/ 11 February 2016

Stats reveal South Africans’ hopes and despair

Stats Reveal South Africans’ Hopes And Despair

A minority of whites disapprove of apartheid but many are on the fence about racial segregation.

This is one finding from a survey showing South Africans are increasingly dissatisfied with the state of the country’s democracy; a small majority say they would prefer a non-elected government that will guarantee delivery on jobs, housing, other basic services, safety and rule of law.

The survey, run by Afrobarometer South Africa under the Institute for Justice and Reconciliation in conjunction with Plus 94 Research, is based on data collected from 2 400 adults during August and September 2015. The sample has a confidence level of 95% and a 2% error margin.

Rorisang Lekalake, assistant project manager for Afrobarometer in Southern Africa, found that support for democracy sat at 64% in 2015 in comparison with 72% in 2011. This places South Africa slightly below the 67% continental average.

“Support for democracy is higher than average among better-educated, rural, younger and black South Africans … [and] increasing dissatisfaction with South Africa’s current leadership has spilled over into waning support for democracy,” she said.

Sixty-one percent of South Africans approved of a nonelected administration to ensure basic services delivery. In 2015, 77% rejected the apartheid regime, a 14% rise on 2008.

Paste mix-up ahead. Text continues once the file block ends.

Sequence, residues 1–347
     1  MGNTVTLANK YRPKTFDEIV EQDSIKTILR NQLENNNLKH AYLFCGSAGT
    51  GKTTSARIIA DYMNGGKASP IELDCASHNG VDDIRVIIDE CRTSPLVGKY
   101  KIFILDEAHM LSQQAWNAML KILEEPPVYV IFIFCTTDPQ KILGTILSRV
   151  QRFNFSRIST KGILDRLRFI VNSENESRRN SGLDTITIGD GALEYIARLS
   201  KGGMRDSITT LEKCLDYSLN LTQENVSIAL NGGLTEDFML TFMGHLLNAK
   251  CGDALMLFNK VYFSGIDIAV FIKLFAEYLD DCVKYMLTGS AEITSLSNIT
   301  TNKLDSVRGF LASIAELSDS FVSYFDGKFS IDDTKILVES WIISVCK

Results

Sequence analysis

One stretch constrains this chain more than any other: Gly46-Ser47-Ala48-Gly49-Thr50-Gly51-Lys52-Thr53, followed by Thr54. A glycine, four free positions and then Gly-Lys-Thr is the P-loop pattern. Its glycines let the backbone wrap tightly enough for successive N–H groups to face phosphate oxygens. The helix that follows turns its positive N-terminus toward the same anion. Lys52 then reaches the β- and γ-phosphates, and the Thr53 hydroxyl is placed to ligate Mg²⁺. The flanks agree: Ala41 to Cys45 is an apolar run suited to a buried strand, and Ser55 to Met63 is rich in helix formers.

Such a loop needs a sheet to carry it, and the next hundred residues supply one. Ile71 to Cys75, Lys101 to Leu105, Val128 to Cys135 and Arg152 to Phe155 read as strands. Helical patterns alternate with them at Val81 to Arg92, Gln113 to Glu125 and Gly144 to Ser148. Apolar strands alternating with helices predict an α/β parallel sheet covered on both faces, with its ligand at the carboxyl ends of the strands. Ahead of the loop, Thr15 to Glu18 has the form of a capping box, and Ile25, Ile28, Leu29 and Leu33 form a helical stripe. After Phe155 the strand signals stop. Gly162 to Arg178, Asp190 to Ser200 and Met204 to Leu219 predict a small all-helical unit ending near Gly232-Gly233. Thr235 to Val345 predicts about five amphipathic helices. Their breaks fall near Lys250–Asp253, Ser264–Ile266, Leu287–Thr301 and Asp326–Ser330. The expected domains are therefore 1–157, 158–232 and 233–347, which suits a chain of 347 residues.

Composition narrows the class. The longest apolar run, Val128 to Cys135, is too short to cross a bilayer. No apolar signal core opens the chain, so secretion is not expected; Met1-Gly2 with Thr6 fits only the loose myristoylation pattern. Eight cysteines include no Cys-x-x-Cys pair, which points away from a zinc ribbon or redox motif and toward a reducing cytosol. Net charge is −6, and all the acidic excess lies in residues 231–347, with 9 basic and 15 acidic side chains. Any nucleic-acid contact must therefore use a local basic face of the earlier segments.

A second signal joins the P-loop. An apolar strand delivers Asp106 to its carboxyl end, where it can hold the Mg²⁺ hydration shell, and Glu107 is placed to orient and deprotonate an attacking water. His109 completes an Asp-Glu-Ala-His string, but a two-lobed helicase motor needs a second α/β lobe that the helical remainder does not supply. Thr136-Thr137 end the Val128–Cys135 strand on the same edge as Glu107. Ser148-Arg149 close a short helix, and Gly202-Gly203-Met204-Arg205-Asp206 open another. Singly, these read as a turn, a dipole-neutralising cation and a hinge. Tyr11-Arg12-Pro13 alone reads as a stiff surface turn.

Racially, black and coloured people showed the highest apartheid disapproval rates at 82% and 73% respectively. The Indian population recorded an anti-apartheid percentage of 61%, whereas 44% of white people disapproved of apartheid, 26% were undecided and 30% said they would “endorse such an initiative”.

The survey also found that most South Africans approve of the creation of a workers’ party to fight for the rights of the employed and to contest elections, said Afrobarometer’s communications co-ordinator for Southern Africa, Sibusiso Nkomo. He added that 53% called for such a party and 45% believed trade unions should operate independently of government, and not in support of the tripartite alliance of the ANC, Cosatu and the South African Communist Party.

“The Afrobarometer survey found most South Africans believe Cosatu leaders are more concerned about political power than about workers’ interests,” said Nkomo.

That figure is at 54%: only 20% disagree. In terms of locality, 56% of urban residents believe Cosatu harboured a hunger for political power whereas the rural rate is 49%.

Provinces most concerned in this regard are KwaZulu-Natal, Limpopo and the Northern Cape at 74%, 65% and 63% respectively. The least concerned are the Eastern Cape at 29%, Mpumalanga at 30% and the Free State at 45%.

And is Cosatu hungry for political power? Yes, said 77% of Indians, 59% of white people, 53% of black people and 49% of coloured people.

Nkomo added: “Although South Africa’s centre-left ANC professes to work for the poor and working classes, Afrobarometer data shows a majority of citizens favour the establishment of a workers’ party to challenge the party in power. A majority of South Africans say Cosatu leaders are more focused on political power than workers’ interests.”